It’s All Greek to Me: Connecting Philosophy and Mental Health


Olive oil, the Olympics, architecture, college fraternity names, ah yes, the Greeks influence over our lives never ceases to be blatantly apparent. If you were anything like me and were addicted to the Percy Jackson series as a kid, then you should also know some mythology as well. One of the most infamous stories is the myth of Icarus, who along with his father Daedalus, are now cemented in history for their hubris. The tale essentially describes the father and son fashioning wings made out of feathers and wax, flying high above the ocean in defiance of their humanity. However, Icarus became arrogant and decided to test his limits, flying too close to the sun and causing his wings to melt,  falling to his untimely demise. While this myth is, well, just a myth, it was clear that the ancient Greeks were trying to make at least a moral or use their reasoning to devise some folklore. Indeed, one of the Greek’s greatest contributions lies in their academic thought: philosophy. 

I’m sure in history class we’ve all heard of the philosophers Plato and Aristotle, and we can’t forget about Socrates whose beloved Socratic seminars are a staple in any English curriculum. Philosophy is the study of knowledge and morals, asking the questions of life and why/how should we exist. While that definition may seem overly technical and profound, in reality, we’re all philosophers in our own way. We all go about our lives with a level of intention, trying to determine what is right and what is wrong. Doing some soul searching and taking a second to recalibrate is natural and has been around for millennia.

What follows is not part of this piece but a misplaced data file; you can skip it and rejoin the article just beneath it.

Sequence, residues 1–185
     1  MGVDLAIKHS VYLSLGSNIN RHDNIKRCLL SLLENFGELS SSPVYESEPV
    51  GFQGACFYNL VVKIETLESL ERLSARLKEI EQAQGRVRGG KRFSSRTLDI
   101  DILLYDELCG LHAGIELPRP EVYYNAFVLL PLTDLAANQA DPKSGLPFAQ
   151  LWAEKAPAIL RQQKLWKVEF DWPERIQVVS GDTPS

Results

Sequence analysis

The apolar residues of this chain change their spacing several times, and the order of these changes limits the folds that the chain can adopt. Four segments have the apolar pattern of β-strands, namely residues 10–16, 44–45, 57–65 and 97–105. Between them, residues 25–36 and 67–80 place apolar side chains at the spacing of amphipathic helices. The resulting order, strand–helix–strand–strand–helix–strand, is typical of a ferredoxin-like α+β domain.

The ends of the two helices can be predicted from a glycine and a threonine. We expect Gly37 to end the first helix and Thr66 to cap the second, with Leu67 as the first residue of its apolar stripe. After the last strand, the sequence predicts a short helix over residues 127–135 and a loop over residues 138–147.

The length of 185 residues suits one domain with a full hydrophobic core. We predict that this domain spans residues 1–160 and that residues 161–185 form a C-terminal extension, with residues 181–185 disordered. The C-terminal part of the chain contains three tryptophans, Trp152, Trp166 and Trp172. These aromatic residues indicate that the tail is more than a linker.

There are a few philosophical questions that I want to personally ponder that I believe provide us some clarity in our lives, therefore improving our mental health. As I do in many blog posts, I feel more than ever I have to sincerely preface that I am by no means an expert in philosophy, but merely a novice who finds some of these queries to be helpful in my own experiences. I do not have the answers to life, nor do I think anyone can have all the answers. These are just some of my takes that if you want to explore more on your own, I encourage you fully to do so. 

What is creativity and how do we get it?

What’s the first thing that pops into your mind when you hear the word ‘creative?’ You might think of a great artist like Picasso or Michaelangelo, or maybe a poet or writer like Shakespeare. Whatever runs through your mind, we have a tendency to believe that certain activities are more inherently creative than others: a dancer or musician is creative while an accountant or mathematician is not. Yet, creativity has little to do with the action itself, but more with the individual. Creativity is an approach, a quality we give to an activity, not vice versa. Not everyone can or wants to be a renowned painter, and that’s why so many people believe that they are not born creative. But you can draw uncreatively, dance uncreatively, and even write uncreatively. Creatively lies in doing what you love. It’s about putting all that you have into action and doing so with joy. Small things become great with the touch of delight and love. Simply being able to smile and laugh is a creative act on its own, and you shouldn’t let anything take that away.

What is success?